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Interest rates under the U.S. national banking system

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  • Bruce A. Champ
  • Neil Wallace
  • Warren E. Weber

Abstract

According to previous studies, the demand-liability feature of national bank notes did not present a problem for note-issuing banks because the nonbank public treated notes and other currency as perfect substitutes. However, that view, when combined with nonbindingness of the collateral restriction against note issue, itself an implication of the fact that some eligible collateral was not used for that purpose, implies that the safe short-term interest rate is pegged at the tax rate on note circulation. Since evidence on short-term interest rates is inconsistent with such a peg, that view must be rejected.

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Bibliographic Info

Paper provided by Federal Reserve Bank of Minneapolis in its series Staff Report with number 161.

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Date of creation: 1993
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Publication status: Published in Journal of Monetary Economics (Vol. 34, No.3; Dec. 1994, pp.343-358)
Handle: RePEc:fip:fedmsr:161

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Keywords: Banks and banking - History ; Interest rates;

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References

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  1. James, John A, 1976. "The Conundrum of the Low Issue of National Bank Notes," Journal of Political Economy, University of Chicago Press, vol. 84(2), pages 359-67, April.
  2. Cagan, Phillip & Schwartz, Anna J, 1991. "The National Bank Note Puzzle Reinterpreted," Journal of Money, Credit and Banking, Blackwell Publishing, vol. 23(3), pages 293-307, August.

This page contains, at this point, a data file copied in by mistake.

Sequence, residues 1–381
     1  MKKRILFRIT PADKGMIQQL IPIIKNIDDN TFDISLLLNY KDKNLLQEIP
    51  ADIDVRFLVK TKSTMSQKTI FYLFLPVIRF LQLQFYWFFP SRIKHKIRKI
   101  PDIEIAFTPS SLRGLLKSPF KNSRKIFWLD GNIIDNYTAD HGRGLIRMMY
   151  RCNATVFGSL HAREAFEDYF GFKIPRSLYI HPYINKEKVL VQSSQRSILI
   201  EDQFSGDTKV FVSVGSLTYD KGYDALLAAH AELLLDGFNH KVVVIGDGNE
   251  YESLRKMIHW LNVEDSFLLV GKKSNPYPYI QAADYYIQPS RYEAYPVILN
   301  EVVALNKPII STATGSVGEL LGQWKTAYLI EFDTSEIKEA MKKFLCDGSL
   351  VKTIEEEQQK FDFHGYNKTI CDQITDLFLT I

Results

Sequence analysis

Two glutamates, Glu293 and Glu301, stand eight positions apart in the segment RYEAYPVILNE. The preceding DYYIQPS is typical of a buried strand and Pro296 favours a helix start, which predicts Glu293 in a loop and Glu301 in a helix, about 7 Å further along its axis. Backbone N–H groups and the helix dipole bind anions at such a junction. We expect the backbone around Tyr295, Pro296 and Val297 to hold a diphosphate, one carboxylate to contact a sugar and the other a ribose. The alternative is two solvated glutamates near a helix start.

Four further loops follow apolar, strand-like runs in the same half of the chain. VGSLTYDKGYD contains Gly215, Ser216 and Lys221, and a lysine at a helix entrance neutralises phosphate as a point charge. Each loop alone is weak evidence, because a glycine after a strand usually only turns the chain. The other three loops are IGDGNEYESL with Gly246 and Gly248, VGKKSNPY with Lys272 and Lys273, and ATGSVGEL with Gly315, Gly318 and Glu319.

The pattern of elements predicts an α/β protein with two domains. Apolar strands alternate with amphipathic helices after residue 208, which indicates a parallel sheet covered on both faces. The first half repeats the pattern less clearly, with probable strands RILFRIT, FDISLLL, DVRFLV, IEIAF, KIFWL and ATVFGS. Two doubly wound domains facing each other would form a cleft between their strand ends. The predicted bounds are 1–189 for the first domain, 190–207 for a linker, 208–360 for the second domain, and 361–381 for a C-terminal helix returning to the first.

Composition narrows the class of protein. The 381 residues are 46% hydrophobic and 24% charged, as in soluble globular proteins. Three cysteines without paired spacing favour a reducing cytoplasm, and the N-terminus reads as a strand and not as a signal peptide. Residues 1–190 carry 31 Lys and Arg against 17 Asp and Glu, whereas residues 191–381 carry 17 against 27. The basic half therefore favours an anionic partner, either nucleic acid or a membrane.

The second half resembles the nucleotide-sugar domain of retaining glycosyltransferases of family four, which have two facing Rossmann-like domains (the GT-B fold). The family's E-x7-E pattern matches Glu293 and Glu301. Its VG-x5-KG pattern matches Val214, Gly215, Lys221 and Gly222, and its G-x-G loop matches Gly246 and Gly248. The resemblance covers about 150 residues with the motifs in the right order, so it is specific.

3. Kuehlwein, Michael, 1992. "The National Bank Note Controversy Reexamined," Journal of Money, Credit and Banking, Blackwell Publishing, vol. 24(1), pages 111-26, February.
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Citations

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Cited by:
  1. Li, Yiting, 2006. "Banks, private money, and government regulation," Journal of Monetary Economics, Elsevier, vol. 53(8), pages 2067-2083, November.
  2. Cavalcanti, R. & Erosa, A. & Temzelides, T., 1997. "Private Money and Reserve Management in a Random Matching Model," UWO Department of Economics Working Papers 9715, University of Western Ontario, Department of Economics.
  3. Tao Zhu & Neil Wallace, 2004. "Float on a Note," 2004 Meeting Papers 342, Society for Economic Dynamics.
  4. Weber, Warren E., 2003. "Interbank payments relationships in the antebellum United States: evidence from Pennsylvania," Journal of Monetary Economics, Elsevier, vol. 50(2), pages 455-474, March.
  5. James Bullard & Bruce D. Smith, 2002. "Intermediaries and payments instruments," Working Papers 2002-006, Federal Reserve Bank of St. Louis.
  6. Stephen Quinn & William Roberds, 2008. "The evolution of the check as a means of payment: a historical survey," Economic Review, Federal Reserve Bank of Atlanta.
  7. Charles M. Kahn & William Roberds, 1999. "Demandable debt as a means of payment: banknotes versus checks," Proceedings, Federal Reserve Bank of Cleveland, pages 500-530.
  8. Leo Ferraris, 2002. "Money and credit in random matching models of money," Working Papers 59, University of Rome La Sapienza, Department of Public Economics.
  9. Bruce Champ & Neil Wallace, 2003. "Resolving the National Banking System note-issue puzzle," Working Paper 0316, Federal Reserve Bank of Cleveland.
  10. Bruce Champ, 2007. "The National Banking System: empirical observations," Working Paper 0719, Federal Reserve Bank of Cleveland.
  11. Wallace, Neil & Zhu, Tao, 2007. "Float on a note," Journal of Monetary Economics, Elsevier, vol. 54(2), pages 229-246, March.
  12. Antoine Martin & Cyril Monnet & Warren E. Weber, 2000. "Costly banknote issuance and interest rates under the national banking system," Working Papers 601, Federal Reserve Bank of Minneapolis.

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